By Curt Yeomans
Clayton County children got to see the tigers and the bears, but the lions were a no-show during a visit to Noah's Ark Rehabilitation Center in Locust Grove on Friday morning.
In the afternoon, they went swimming at the Steve Lundquist Aquatics Center.
At other points during the last five days, they got to try on antebellum clothing at Stately Oaks Plantation, and a beekeeper's suit at the home of its owner. They also went on a nature hike and saw turtles at the William H. Reynolds Memorial Nature Preserve, visited the Newman Wetlands Center, and took a trip to the Clayton County Water Authority.
That was life as a participant in Clayton County 4-H's week-long Clover College program. Fourteen children got to explore local sites before the camp ended Friday afternoon.
"We wanted them to know what's in the area," said Juliet Walls, coordinator of Clover College. "It keeps them busy and gives them opportunities to do things they never would have imagined."
The 4-H is a community service and leadership organization designed for children between the ages of 9 and 19. The four "H"s stand for "heart," "hands," "head," and "health." It is sponsored by county extension offices like the ones operated by the University of Georgia in several metro Atlanta counties.
Clover College provides the children with an opportunity to do more than explore the local community. Teen leaders teach short programs on subjects such as the food chart, the environment, and preparing for the working world. They also act as chaperones, of sorts, for the younger children, but they act as friends at the same time.
"We still talk to them a lot and be their friends, but if they are talking when they shouldn't, then we have to tell them to be quiet," said Tira Lauby, 14, a Clayton County 4-H member from Fayetteville.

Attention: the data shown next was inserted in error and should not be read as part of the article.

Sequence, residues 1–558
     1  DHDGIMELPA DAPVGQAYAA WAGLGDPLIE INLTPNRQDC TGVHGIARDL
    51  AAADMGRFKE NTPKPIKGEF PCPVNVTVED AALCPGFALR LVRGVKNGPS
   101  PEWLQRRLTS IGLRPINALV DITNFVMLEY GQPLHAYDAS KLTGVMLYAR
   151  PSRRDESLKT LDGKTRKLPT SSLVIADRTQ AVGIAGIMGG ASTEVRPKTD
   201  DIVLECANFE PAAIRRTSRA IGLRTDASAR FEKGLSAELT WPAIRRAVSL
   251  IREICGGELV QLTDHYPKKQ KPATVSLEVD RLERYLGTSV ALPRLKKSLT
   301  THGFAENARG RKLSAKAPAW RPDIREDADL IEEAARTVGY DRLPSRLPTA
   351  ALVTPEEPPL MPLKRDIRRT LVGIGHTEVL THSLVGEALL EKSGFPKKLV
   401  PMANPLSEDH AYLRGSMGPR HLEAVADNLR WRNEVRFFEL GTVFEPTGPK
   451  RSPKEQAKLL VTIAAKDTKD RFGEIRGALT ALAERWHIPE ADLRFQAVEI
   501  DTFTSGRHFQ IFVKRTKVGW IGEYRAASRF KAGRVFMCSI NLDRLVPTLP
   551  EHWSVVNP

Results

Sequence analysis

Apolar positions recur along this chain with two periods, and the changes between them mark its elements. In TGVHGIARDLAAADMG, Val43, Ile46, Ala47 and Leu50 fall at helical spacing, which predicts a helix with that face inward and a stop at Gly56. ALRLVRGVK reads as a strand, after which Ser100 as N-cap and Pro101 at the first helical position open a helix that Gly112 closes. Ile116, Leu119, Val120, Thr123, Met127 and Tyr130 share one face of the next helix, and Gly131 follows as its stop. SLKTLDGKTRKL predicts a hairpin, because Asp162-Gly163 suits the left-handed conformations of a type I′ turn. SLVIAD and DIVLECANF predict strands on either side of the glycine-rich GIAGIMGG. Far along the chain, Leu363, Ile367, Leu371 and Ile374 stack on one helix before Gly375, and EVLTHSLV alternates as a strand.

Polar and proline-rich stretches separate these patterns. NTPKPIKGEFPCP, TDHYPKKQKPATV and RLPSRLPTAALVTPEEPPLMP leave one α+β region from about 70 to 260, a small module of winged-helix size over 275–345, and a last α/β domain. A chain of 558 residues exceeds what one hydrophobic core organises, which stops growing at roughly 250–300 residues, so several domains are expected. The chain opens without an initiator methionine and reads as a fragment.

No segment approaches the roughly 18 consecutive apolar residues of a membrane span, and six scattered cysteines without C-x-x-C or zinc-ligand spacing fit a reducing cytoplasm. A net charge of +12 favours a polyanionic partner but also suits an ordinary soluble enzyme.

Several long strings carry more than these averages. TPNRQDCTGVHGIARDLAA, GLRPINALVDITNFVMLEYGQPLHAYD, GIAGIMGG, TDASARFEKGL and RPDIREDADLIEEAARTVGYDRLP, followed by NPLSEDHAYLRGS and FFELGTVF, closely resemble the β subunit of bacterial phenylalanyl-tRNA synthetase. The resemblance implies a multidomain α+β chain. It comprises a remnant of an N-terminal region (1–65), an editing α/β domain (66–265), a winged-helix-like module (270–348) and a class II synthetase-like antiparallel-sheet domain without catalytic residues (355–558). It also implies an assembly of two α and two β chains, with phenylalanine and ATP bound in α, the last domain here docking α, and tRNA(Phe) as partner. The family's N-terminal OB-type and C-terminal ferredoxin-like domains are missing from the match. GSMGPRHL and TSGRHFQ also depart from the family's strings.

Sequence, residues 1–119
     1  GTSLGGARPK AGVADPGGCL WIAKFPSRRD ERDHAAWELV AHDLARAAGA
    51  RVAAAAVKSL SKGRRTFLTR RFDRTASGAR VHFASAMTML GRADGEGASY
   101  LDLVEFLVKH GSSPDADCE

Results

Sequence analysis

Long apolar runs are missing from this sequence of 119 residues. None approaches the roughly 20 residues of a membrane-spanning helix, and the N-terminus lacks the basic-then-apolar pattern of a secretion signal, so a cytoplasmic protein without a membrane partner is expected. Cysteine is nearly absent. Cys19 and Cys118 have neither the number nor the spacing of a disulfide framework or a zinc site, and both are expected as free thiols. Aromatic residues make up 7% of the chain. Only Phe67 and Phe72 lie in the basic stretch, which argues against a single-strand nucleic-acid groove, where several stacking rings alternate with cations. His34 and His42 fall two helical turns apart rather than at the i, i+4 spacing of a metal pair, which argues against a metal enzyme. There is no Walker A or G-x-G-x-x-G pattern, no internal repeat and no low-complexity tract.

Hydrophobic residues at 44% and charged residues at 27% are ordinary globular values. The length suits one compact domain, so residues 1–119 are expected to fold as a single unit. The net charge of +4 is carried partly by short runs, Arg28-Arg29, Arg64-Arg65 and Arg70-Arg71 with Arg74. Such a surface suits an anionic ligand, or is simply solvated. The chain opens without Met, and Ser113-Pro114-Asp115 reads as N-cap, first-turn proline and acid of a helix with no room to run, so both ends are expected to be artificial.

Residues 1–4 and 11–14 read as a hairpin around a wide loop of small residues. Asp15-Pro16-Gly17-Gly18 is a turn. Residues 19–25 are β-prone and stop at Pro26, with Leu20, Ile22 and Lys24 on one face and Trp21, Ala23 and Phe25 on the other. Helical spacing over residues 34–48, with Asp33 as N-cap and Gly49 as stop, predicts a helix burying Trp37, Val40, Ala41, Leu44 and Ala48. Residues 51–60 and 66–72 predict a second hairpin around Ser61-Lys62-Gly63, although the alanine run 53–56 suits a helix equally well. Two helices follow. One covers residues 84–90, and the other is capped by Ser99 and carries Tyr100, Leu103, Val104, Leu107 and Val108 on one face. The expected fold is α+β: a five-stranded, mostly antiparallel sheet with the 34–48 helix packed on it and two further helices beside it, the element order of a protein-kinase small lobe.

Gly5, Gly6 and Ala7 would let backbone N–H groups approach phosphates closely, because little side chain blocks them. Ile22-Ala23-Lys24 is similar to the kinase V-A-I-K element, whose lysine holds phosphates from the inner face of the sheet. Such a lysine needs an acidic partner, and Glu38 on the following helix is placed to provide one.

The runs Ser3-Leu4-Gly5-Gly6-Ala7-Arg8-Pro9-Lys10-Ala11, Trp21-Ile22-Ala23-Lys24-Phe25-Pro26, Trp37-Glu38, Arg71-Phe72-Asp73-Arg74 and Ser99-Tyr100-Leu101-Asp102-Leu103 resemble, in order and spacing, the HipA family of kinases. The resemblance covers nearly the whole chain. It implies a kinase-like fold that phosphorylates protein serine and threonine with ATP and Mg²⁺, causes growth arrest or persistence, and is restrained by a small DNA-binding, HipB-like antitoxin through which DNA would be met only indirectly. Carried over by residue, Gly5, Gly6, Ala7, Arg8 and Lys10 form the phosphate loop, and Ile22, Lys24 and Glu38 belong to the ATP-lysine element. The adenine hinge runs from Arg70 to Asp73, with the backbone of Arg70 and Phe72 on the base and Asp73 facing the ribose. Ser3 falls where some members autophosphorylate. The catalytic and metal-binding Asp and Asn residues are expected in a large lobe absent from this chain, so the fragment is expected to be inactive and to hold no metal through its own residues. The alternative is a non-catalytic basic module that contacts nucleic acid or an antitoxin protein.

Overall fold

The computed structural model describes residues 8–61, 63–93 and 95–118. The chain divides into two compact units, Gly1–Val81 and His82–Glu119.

The teen leaders are also responsible for organizing icebreakers, which allow the children to become acquainted with one another. "It's been a great experience, because I've made a lot of new friends," said Olivia Mullen, 10, of Rex.
For most of the children, however, it was the opportunity to go on one of the eight field trips that stood out most.
"I liked the trip to the beekeeper's house, because we got to put on the bee suit and learn how the bees make honey," said Bre'A Weeks, 10, of Rex.
"I liked going to Noah's Ark," said Matthew Ogu, 11, of Jonesboro. "We got to see ostriches, camels, monkeys, bears and tigers. My favorite was the tiger, because it was big and ... well, it was just my favorite."
Ogu's younger brother, Emmanuel, 10, liked the nature hike at the Reynolds Nature Preserve better than anything else. "We saw poison oak, and insects like dragon flies," Emmanuel Ogu said. "We were walking for a long time, but it was OK, because it gave me energy."
The Clayton County 4-H will offer two more opportunities for local children to get involved in activities this summer. There will be a trip to Camp Rock Eagle, the Atlanta area 4-H camp, June 23-27. The cost is $250. There will also be a summer adventures program offered July 14-19, where the youths will visit places such as Stone Mountain and Warm Springs. Call (770) 473-3945, for more information.